The first way this happens is when we make our churches feel exclusive. We all look and talk alike, we act alike, we appear to be perfect Christians. We have those that we gravitate to each Sunday morning. A visitor can feel like an outsider very quickly, especially when they are not like the homogeneous crowd. Someone who comes because they are struggling with something really feels out of place when they enter a room full of people without any faults or issues. To further create a sense of “us” and “them” we use insider language and big fancy words. Maybe most regulars know what sanctification, justification, atonement, sacrament… mean. But if you are new to the faith, these terms can make you feel like an outsider very quickly.

In the Corinthian church the mature believers knew “that an idol is nothing at all”. To them, idols were just carved pieces of stone or wood. The mature believers knew that there was only one God, only one Lord. But for the new believers, the ones who had grown up worshipping these idols all their lives, this idea was a struggle. The mature believers were saying, in essence, “just get over it”, “just believe what I say I believe”. They were not willing to walk in love with their new brothers and sisters in Christ. They were not willing to enter the struggle, to walk alongside the one wrestling with their conscience.

We do this in our churches when we fail to talk about our sins and struggles. Church becomes a social club for the perfect and for the saints. Nope, no sin here. We know all we need to know to be good little Christians. In verse three Paul writes, “The man who loves God is known by God”. Loving God must lead to loving others. Jesus unpacks the truth of this idea in the parable of the sheep and the goats (Matthew 25: 31-46). When we say we love God, when we say all are welcome in our churches but do not really welcome the sinners and broken people into our communities of faith, we are falling short. When we look down on those “obviously” dealing with sin by making them feel unwelcome, we are falling short. When we indirectly but clearly say come back when you have your life together, we are falling short. May it not be so church. May it not be so.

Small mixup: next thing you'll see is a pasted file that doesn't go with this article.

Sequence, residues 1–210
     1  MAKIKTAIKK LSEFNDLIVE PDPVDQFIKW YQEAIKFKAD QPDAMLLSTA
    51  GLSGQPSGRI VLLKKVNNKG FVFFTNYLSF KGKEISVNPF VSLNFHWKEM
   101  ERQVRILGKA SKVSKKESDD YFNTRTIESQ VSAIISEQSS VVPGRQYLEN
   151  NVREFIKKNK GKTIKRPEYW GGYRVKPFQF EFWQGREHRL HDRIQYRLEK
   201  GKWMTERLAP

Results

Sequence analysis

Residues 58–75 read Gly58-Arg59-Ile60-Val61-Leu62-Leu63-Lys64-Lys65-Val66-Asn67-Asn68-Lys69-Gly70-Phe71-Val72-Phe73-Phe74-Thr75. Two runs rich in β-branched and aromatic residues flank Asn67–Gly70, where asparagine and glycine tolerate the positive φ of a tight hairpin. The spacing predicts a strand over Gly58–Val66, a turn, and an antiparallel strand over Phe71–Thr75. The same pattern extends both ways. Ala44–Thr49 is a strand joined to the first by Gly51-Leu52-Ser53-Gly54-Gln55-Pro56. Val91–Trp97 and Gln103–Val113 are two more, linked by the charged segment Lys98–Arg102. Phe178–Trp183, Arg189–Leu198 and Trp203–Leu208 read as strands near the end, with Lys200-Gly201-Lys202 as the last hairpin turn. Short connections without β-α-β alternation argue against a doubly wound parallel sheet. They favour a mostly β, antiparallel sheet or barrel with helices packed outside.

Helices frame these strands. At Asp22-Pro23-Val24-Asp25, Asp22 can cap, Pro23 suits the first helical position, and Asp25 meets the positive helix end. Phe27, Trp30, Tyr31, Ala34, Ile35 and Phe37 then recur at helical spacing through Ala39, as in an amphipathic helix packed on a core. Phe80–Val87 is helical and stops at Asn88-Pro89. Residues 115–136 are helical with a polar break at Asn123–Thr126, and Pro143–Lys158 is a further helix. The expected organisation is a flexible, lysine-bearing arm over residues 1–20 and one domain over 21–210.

Prayer: Lord God, help me to truly love others as a witness to my love for you. Strip away my pride and judgmental tendencies, guide me to walk side by side in love with those in struggle, with those living outside of your love. Give me the courage to admit my struggles and sins within the body of Christ. Grant me a welcoming and compassionate spirit. Amen.


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Look Upon Us

Reading: Isaiah 64: 5b-9

Verse 8: “Yet, O Lord, you are our Father. We are the clay, you are the potter”.

As we continue in Isaiah 64 today, the second half of the passage begins in verse 5b with an admission: “When we continued to sin, you were angry”. Yes, God will come to the help of those who do right, but the sinners? Isaiah asks the correct question: “How then can we be saved”? As a people living in sin, the Israelites were taken into exile. God still loves them, but what can God do with his children who continue in their rebellion? The prophet laments that they have become “unclean” and that their faith has “shriveled up” like a dry leaf. In verse seven his words are honest: “No one calls on your name or strives to lay hold of you”. The situation, the condition of the people’s faith, is not good. Yet there is hope. There is always hope with God.